Studies indicate that splicing repression by PTB requires multiple binding sites and that multiple PTB molecules are present in RNA/PTB complexes (Amir-Ahmady et al., 2005; Cherny et al., 2010; Chou et al., 2000; Clerte and Hall, 2009; Kafasla et al., 2009). After assembly with the pre-mRNA there are likely free RRM domains available to interact with U1-SL4. Analysis of PTB binding to the encephalomyocarditis virus (ECMV) IRES showed that the individual RRMs bind to separate stem-loop domains to stabilize the IRES structure (Kafasla et al., 2009). We find that the PTB binding site downstream of U1 is required for PTB/U1 crosslinking and that both RRM1 and RRM2 can bind U1-SL4 with similar affinity. These two RRMs are connected by flexible linkers with the rest of the protein and could adopt a variety of conformations to contact a nearby snRNA. It needs to be determined which of these two RRMs contacts U1 in the repressed N1 exon/PTB complex and whether this RRM must be placed downstream of the 5′ splice site. RRM3 and RRM4 presumably bind the pre-mRNA rather than U1-SL4 through their preferential affinity for single stranded RNA (Clerte and Hall, 2009). If both of these domains engage the pre-mRNA, they will generate an RNA loop through their interdomain interaction. One of these domains will likely anchor the protein in position downstream from U1, while the other may interact with an adjacent element or with a portion of the repressor element upstream of the exon (Lamichhane et al., 2010; Oberstrass et al., 2005).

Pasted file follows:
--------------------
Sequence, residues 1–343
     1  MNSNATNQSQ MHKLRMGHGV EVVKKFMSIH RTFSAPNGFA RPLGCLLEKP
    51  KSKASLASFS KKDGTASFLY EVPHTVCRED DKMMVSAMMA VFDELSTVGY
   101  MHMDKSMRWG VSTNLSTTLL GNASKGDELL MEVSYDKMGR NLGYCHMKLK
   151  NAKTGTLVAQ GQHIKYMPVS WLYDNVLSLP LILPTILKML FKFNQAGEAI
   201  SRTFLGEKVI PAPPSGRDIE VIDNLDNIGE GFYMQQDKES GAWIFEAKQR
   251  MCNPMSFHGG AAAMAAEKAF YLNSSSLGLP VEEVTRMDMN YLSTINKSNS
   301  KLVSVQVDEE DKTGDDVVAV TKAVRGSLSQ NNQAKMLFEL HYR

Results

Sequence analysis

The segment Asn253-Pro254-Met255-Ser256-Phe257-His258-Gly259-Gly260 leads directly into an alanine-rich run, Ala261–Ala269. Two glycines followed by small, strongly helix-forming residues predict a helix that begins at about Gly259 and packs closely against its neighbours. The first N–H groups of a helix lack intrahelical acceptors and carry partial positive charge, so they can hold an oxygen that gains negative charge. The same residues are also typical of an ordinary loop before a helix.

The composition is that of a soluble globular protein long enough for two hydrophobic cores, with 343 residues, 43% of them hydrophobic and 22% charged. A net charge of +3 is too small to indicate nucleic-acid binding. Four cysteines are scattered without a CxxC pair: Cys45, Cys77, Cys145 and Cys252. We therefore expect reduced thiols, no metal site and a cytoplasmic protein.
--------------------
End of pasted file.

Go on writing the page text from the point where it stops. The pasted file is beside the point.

It will also be interesting to investigate whether this interaction between PTB and U1-SL4 also plays a role in enhancement of exon inclusion by PTB. Tethering experiments with chimeric PTB-MS2 proteins indicate that recruiting RRM2 along with its adjacent linker to the pre-mRNA is sufficient for both repression and enhancement of regulated exons (Llorian et al., 2010; Rideau et al., 2006; Robinson and Smith, 2006). Similar studies may allow identification of the PTB domains important for interaction with U1-SL4.